Scottish conference debates meat industry’s future
Published:  30 April, 2014

This year’s Scottish Association of Meat Wholesalers (SAMW) conference discussed the future of the Scottish meat industry, with new European food hygiene regulations and reform to the Common Agriculture Policy (CAP) at the top of the agenda.

SAMW chairman Alan McNaughton opened the ‘Foundation for Growth’ conference on 26 April 2014, attended by industry stalwarts, by reflecting on the past year for the industry: “The past 12 months have produced some gains, often as a result of lobbying by industry bodies, SAMW has played a full part in this process, working closely with others wherever common ground could be identified.”

New European food standards regulations were brought into question by Elspeth Macdonald, assistant Scottish director at the Food Standards Agency (FSA). Referring to possible amendments to meat plant inspections, which would see an increased veterinary presence throughout post-mortem inspection of meat, Macdonald said: “This represents an additional level of bureaucracy, which could end up restricting the current use of plant inspection assistants, raising cost to businesses and retail costumers without any added protection to health.”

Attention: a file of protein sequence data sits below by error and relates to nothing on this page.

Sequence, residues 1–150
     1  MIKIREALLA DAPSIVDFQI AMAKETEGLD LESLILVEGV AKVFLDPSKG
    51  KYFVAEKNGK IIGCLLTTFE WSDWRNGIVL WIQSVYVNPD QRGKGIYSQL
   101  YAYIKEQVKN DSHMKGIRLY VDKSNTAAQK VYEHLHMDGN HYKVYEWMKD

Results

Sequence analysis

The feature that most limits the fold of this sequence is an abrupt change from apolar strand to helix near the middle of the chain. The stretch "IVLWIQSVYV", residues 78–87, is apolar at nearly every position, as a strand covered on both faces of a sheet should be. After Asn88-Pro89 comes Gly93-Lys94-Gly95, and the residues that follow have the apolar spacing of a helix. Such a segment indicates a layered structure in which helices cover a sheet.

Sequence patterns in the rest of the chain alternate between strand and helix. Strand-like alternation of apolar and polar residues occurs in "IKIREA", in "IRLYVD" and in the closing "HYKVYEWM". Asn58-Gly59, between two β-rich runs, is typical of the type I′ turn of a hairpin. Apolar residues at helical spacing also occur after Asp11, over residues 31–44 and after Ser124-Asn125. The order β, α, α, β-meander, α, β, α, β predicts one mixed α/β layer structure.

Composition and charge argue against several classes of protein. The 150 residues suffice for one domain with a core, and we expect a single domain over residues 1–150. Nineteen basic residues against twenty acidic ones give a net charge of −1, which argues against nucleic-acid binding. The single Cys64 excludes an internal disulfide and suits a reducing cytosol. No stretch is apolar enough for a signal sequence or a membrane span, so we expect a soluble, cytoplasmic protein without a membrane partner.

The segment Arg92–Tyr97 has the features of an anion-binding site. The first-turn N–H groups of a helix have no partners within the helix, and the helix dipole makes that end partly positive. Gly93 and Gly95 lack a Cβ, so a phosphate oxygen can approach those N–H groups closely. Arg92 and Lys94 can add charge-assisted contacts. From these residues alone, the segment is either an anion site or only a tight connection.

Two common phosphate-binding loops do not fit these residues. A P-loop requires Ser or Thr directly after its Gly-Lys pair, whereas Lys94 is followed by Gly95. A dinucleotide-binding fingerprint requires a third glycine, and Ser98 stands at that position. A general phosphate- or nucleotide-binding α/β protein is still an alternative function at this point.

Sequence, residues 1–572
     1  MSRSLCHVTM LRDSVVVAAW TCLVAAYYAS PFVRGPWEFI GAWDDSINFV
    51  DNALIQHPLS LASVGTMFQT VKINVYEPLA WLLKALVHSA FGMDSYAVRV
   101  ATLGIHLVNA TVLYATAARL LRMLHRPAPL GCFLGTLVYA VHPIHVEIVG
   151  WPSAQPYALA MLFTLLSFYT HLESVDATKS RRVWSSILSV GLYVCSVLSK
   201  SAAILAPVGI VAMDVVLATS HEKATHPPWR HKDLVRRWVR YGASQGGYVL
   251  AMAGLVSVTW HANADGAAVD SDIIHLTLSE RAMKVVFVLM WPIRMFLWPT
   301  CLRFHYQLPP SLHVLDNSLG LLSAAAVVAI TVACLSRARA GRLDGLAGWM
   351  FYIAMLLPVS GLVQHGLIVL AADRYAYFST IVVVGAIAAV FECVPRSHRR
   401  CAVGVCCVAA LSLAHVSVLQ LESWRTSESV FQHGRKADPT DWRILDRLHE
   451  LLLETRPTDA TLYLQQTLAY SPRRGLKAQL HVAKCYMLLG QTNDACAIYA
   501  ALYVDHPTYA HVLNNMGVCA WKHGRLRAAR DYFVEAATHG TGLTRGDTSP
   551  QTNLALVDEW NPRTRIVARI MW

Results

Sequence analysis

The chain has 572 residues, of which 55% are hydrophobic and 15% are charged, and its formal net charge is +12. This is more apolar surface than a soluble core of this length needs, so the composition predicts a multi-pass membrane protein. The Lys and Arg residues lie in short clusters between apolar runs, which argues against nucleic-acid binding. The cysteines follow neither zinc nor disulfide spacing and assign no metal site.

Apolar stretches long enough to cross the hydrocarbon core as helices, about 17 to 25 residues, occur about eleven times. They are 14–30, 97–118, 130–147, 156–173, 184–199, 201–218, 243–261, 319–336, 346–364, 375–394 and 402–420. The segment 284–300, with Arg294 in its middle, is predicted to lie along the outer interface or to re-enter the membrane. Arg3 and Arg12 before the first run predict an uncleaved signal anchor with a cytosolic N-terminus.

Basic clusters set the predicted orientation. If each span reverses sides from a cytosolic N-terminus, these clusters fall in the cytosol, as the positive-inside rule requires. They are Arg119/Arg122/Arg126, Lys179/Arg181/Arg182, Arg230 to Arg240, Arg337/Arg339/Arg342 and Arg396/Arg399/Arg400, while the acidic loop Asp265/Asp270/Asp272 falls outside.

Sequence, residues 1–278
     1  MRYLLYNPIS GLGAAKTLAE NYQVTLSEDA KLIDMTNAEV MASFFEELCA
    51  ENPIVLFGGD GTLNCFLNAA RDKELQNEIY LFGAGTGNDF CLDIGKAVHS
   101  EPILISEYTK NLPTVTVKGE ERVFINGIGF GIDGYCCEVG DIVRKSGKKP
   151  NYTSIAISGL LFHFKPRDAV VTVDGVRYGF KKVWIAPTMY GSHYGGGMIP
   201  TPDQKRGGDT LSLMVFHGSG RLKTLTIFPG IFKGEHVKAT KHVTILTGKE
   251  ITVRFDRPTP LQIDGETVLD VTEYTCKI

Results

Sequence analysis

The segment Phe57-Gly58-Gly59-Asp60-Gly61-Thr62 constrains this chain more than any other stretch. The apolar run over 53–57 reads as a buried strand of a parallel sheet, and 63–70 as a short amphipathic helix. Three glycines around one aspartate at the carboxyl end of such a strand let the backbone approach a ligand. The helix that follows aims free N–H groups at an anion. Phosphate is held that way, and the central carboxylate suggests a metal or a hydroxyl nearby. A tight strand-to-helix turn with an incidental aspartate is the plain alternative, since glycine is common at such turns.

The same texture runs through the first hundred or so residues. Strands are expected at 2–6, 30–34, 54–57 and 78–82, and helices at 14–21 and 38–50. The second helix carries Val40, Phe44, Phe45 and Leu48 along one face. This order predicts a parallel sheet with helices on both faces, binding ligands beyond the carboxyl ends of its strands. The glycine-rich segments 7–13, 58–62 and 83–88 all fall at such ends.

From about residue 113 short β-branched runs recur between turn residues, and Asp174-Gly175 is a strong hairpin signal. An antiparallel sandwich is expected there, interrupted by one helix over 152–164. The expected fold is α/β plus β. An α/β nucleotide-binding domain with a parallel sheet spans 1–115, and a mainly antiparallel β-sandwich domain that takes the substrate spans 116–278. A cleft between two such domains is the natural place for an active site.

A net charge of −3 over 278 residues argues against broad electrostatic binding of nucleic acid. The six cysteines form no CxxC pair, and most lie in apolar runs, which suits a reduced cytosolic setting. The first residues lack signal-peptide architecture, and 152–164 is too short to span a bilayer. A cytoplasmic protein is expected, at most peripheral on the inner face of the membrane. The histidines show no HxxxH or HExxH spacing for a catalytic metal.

Speaking about the recent CAP reform, McNaughton said further work needed to be done: “CAP reform is both one of our greatest areas of recent success and a continuing source of total frustration. On the plus side, the CAP deal for Scottish farmers looks a whole lot better from a meat production perspective than it did when the first figures began to emerge. Moving calf coupled payments from 5% to 8% is clearly a significant step forward. Where our frustration kicks in, however, is that we should have been talking about an ever greater advance – maybe up to 13%.”

McNaughton continued: “As an industry, we must keep fighting for further concessions from government while, at the same time, making it clear to all that we believe the current CAP deal is seriously inadequate for the future of beef and lamb production in Scotland.

“The buck needs to stop with them and consumers need to be reminded, time and again, that any future meat supply, shortage and pricing issues have been made in 2013 and 2014 in Westminster and Brussels, not in the farms and meat plants in Scotland.”